1. Joined
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    09 Oct '10 08:51
    I have a regular decagon, and inside it I have drawn the largest square that will fit.

    What it the ratio:

    Area_Of_Square / Area_of_Decagon
  2. ALG
    Joined
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    09 Oct '10 12:15
    0,6639
  3. ALG
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    09 Oct '10 13:27
    Originally posted by Thomaster
    0,6639
    No, that must be wrong.
  4. Joined
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    10 Oct '10 21:30
    Originally posted by Thomaster
    No, that must be wrong.
    Yes, I think it is wrong too, but quite close.
  5. ALG
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    10 Oct '10 21:36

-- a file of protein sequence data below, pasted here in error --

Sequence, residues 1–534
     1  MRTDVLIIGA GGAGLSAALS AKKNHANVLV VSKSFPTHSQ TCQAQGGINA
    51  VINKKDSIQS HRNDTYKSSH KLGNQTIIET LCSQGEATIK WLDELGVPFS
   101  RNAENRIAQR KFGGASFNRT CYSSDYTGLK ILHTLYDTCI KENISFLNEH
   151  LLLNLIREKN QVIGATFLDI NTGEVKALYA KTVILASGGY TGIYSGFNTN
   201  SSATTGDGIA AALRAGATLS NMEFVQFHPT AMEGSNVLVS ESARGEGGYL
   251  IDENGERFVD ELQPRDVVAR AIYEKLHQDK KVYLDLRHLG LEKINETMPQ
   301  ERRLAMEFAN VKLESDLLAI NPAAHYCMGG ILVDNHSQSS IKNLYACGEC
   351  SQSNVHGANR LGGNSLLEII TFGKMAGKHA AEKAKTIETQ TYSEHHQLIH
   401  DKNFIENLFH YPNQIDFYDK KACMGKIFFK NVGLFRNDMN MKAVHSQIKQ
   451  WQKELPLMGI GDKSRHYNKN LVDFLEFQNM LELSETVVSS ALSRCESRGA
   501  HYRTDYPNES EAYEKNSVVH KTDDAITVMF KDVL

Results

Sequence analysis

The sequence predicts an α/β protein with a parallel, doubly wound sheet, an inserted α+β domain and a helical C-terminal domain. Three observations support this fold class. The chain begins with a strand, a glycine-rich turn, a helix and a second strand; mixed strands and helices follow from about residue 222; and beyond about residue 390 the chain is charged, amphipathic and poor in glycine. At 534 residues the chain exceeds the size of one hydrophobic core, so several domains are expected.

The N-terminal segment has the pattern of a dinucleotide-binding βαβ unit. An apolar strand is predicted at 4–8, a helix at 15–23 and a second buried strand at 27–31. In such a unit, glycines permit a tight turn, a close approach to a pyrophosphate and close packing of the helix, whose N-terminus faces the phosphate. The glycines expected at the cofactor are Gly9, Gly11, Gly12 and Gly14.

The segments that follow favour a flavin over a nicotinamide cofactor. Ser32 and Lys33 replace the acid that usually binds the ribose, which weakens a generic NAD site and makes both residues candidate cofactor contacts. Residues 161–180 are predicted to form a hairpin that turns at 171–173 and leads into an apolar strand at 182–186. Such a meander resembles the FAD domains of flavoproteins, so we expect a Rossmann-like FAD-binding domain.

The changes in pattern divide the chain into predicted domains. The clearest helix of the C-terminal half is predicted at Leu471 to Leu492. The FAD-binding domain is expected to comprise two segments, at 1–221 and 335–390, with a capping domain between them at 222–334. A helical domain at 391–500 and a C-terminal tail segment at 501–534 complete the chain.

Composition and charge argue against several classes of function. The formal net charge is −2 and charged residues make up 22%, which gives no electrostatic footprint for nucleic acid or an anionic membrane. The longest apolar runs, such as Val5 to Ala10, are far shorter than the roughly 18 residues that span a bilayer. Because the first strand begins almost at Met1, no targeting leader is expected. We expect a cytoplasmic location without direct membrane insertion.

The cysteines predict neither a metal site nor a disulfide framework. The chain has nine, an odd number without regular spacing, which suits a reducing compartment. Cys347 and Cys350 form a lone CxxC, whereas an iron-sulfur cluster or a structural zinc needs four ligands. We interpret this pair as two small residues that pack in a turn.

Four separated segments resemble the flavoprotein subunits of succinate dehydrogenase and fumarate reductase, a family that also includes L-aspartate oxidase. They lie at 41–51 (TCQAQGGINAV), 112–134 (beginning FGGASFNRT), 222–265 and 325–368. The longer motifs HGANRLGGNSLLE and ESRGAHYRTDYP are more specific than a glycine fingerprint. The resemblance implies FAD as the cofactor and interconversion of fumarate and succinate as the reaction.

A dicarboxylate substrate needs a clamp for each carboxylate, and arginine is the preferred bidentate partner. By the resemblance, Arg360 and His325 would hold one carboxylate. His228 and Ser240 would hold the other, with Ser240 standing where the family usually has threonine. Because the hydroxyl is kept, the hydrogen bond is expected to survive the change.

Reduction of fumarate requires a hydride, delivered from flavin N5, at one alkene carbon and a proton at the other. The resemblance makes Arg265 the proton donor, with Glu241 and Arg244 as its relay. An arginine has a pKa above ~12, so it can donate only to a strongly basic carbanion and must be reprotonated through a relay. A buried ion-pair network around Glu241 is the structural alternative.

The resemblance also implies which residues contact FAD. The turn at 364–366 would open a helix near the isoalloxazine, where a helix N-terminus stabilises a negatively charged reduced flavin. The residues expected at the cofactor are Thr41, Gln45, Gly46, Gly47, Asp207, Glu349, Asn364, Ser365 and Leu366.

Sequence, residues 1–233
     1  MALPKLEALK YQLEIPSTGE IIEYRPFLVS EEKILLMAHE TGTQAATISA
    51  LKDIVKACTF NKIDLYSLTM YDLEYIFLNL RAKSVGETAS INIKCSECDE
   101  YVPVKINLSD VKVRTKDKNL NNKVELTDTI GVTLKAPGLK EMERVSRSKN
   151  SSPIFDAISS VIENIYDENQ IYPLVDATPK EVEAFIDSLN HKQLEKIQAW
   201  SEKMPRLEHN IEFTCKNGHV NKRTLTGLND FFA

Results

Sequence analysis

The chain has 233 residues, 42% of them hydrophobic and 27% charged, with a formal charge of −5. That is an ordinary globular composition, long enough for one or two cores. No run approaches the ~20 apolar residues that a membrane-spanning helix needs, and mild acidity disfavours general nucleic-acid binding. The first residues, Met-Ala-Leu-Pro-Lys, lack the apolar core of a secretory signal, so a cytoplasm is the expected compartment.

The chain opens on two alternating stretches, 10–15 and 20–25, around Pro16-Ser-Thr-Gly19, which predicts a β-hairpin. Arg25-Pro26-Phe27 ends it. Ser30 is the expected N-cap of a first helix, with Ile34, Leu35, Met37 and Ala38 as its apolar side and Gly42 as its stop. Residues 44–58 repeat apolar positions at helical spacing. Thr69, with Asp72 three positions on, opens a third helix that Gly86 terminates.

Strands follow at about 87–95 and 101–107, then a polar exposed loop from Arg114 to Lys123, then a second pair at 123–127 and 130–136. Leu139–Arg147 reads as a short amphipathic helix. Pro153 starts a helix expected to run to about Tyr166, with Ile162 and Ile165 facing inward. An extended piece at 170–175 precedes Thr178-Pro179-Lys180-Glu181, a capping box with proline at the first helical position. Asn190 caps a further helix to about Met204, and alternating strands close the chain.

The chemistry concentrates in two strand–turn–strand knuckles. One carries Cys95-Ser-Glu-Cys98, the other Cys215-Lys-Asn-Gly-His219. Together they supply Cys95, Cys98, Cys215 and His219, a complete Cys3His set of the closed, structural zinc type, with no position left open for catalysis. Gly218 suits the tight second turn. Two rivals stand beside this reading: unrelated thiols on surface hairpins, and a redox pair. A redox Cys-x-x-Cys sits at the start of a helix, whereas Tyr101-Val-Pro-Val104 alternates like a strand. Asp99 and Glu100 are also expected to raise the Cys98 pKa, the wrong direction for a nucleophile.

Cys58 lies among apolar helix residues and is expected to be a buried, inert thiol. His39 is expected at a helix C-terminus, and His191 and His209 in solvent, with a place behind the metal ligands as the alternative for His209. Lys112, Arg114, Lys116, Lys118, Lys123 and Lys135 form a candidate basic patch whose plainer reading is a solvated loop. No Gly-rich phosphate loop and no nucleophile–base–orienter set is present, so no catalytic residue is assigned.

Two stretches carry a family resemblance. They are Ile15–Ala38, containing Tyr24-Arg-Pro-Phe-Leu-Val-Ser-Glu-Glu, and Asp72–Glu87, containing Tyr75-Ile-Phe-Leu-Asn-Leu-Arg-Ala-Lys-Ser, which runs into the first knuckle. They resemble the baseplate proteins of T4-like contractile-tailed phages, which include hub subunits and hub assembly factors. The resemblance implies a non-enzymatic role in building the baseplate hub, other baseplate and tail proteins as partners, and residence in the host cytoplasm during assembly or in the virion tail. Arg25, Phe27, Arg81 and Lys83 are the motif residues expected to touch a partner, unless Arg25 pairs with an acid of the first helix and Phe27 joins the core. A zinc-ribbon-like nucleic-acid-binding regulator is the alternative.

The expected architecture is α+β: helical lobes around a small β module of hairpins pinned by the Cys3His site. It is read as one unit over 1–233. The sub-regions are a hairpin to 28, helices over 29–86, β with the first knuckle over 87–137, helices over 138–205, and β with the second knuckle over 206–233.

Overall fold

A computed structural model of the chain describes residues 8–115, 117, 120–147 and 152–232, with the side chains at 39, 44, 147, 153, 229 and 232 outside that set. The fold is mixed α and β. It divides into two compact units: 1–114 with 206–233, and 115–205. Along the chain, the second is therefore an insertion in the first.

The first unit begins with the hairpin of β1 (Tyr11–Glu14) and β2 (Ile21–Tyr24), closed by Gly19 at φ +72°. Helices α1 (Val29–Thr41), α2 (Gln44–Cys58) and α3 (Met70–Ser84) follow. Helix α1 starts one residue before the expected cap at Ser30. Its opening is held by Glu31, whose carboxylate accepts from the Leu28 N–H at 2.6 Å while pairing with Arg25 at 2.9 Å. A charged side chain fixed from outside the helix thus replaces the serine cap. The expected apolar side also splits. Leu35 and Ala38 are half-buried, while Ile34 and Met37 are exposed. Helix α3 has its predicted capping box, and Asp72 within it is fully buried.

Originally posted by iamatiger
    Yes, I think it is wrong too, but quite close.
    That is because my square was a diamont.
  6. Joined
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    11 Oct '10 07:34
    Originally posted by Thomaster
    That is because my square was a diamont.
    Ah, yes. I got a diamond at first too.
  7. Joined
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    11 Oct '10 11:481 edit
    Are you sure? I'm probably missing something, but I got the same answer with something that I'm pretty sure is a square. (Though I'm not certain it's the largest square, admittedly).

    Presumably that 0.6639 is an approximation of (cos 9)^2/(5 sin 18 cos 18)
  8. Joined
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    11 Oct '10 13:49
    To provide more detail, my "quadrilateral" is constructed as follows:

    If the decagon has a vertex at 0 degrees (and 36, 72, etc), then the square has vertices at 9, 99, 189, 279 degrees.

    If the answer isn't right, where I went wrong must be:
    - that isn't a square
    - that isn't the largest square
    - miscalculating the areas

    Which is it?
  9. Joined
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    12 Oct '10 00:515 edits